Retention after active orthodontic treatment is essential to prevent relapse. Removable retainers are typically used in the retention phase after active orthodontic treatment. Hawley retainers and clear overlay retainers (CORs) are the most commonly used clinical retainers. On the basis of survey results, Keim et al.1 reported an increase in the use of CORs and fixed retainers between 1986 and 2008. Moreover, Pratt et al.2 predicted a definite shift in preferred retainer types from Hawley retainers to CORs and fixed retainers among United States' orthodontists. More compliance of patients with “invisible” retainers than with Hawley retainers could be a reason for this shift in retainer preference. CORs are advantageous because they are easier to clean and fabricate, inexpensive, and comfortable; they also offer better esthetics and improved durability. CORs are also more effective than Hawley retainers at maintaining the correction of the maxillary and mandibular segments.3,4

However, a few studies that have compared Hawley retainers and CORs with regard to their post-treatment settling have concluded that Hawley retainers offered better settling of the occlusion than did CORs.5,6,7 Sauget et al.5 compared Hawley retainers and CORs and showed that CORs allowed significantly fewer occlusal contacts on the posterior teeth than did Hawley retainers. Dinçer and Isik Aslan6 studied the occlusal contacts of CORs and found no significant increases in occlusal contacts. Later, they developed a modified COR to encourage posterior occlusal contacts. The modified COR had posterior occlusal surfaces that were not covered by thermoplastic materials. They compared a modified partial-coverage COR and full-coverage COR and found increased posterior occlusal contacts in the modified COR group.7

The limitations of CORs containing thermoplastic polymer materials are dimensional instability, low strength, and poor wear resistance. To overcome these disadvantages, in 2014, Ahn et al.8 designed a new COR composed of multilayered hybrid materials. The new COR, called Oral-treaper (OTP), demonstrated improved mechanical strength and rate of water absorption (Figure 1). In this preliminary study, we evaluated the changes in the posterior occlusal contacts of patients who received OTP as a retainer and investigated the effects of OTP as a post-orthodontic retainer.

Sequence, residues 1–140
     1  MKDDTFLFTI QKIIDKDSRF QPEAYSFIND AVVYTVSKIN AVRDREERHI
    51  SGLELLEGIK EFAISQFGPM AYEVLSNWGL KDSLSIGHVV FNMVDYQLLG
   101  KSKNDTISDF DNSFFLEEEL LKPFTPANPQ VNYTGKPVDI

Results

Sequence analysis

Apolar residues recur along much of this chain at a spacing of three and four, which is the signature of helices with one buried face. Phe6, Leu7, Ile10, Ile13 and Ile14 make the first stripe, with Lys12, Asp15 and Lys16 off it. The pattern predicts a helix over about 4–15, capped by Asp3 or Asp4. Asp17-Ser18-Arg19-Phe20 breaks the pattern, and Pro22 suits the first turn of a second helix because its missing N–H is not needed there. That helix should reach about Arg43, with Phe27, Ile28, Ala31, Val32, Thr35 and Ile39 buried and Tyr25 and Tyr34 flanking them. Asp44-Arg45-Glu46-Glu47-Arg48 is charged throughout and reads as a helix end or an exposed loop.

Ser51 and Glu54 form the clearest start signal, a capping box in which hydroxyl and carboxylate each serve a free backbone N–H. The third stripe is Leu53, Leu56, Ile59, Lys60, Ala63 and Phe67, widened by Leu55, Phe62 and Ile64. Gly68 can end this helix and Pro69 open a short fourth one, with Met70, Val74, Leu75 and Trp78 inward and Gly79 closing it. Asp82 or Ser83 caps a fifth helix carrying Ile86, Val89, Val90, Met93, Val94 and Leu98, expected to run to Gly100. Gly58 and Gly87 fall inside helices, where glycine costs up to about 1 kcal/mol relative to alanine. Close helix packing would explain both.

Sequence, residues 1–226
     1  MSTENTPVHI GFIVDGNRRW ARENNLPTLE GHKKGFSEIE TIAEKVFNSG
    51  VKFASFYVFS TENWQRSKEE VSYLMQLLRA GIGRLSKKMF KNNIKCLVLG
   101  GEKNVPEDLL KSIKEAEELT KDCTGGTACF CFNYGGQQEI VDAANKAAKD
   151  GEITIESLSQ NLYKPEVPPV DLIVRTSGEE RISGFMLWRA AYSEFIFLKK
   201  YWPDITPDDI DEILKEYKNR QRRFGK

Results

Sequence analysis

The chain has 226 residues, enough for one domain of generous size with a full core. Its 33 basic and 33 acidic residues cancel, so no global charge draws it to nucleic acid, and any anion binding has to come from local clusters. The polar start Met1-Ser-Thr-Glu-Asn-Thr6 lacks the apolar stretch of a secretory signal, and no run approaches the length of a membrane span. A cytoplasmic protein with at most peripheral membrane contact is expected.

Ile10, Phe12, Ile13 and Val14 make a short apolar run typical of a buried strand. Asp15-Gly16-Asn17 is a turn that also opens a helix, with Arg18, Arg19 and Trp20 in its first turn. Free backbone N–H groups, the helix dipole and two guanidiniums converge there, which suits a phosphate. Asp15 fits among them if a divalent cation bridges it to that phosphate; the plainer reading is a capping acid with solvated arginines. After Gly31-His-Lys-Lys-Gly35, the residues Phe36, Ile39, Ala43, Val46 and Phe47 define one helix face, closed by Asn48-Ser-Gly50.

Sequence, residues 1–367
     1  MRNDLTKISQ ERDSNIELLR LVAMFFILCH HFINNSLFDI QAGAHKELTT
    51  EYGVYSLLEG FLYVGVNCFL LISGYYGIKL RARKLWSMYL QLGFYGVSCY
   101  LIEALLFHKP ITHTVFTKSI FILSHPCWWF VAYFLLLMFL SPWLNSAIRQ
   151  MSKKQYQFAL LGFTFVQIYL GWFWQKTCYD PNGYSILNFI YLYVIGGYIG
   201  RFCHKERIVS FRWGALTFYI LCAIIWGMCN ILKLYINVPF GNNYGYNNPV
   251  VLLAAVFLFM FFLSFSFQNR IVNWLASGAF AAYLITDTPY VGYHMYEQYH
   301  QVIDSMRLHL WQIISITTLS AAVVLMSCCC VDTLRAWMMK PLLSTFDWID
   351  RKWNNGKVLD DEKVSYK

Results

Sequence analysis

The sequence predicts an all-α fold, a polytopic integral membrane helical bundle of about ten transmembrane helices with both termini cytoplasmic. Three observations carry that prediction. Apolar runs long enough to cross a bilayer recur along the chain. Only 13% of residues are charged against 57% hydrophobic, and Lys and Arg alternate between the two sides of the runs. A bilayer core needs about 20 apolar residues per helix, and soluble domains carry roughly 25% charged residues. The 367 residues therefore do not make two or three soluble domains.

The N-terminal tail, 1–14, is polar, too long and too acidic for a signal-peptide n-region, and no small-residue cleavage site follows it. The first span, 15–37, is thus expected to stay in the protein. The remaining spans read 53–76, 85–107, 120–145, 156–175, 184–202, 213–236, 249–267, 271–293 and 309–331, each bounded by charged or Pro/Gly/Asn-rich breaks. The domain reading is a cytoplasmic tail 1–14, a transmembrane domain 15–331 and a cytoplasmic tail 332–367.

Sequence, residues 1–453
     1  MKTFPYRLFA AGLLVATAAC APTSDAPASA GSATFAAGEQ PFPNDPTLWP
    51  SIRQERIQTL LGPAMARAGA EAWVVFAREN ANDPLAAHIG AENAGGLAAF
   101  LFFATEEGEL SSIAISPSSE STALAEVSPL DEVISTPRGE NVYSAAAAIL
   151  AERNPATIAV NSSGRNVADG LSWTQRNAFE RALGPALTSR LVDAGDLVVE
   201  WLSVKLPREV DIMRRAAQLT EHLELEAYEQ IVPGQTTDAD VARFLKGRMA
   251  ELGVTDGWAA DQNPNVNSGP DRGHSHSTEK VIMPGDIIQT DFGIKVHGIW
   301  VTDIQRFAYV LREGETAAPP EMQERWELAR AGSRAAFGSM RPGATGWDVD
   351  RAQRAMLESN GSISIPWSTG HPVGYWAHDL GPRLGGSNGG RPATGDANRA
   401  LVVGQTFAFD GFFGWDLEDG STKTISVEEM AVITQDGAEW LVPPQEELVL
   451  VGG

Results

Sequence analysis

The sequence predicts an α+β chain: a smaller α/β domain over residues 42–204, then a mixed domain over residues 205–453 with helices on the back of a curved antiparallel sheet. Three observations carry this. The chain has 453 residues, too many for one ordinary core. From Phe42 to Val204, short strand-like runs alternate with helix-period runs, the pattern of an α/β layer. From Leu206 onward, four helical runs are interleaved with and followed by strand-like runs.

MATERIALS AND METHODS

The OTP is composed of three layers. The outer layer is polyethylene terephthalate glycol (PETG), the middle layer is thermoplastic polyurethane (TPU), and the inner layer is a reinforced resin core. The resin core covers the incisal and lingual sides of the anterior teeth and the occlusal surfaces of the posterior teeth but does not extend to the second molars. The outer and middle layers cover all the teeth in the maxillary dentition.

Three patients who completed active orthodontic treatment from the Department of Orthodontics, Kyung-Hee University Dental Hospital (Seoul, Korea), were included in the study. In every patient, after the removal of fixed appliances, lingual-bonded retainers were bonded on to the maxillary and mandibular anterior teeth. Two weeks later, they received OTP for the maxillary dentition. One qualified laboratory technician fabricated all the OTPs. Each OTP was constructed with three layers. The innermost layer was the resin core, which did not exceed 1 mm and extended from the right first molar to the left first molar. The middle and outer layers extended to the most distal tooth. The total thickness of the OTP was less than 3 mm. The mandibular occlusal contact points in the OTP were adjusted to make more than three-point contacts with the mandibular dentition. Patients were instructed to wear the retainer only while sleeping.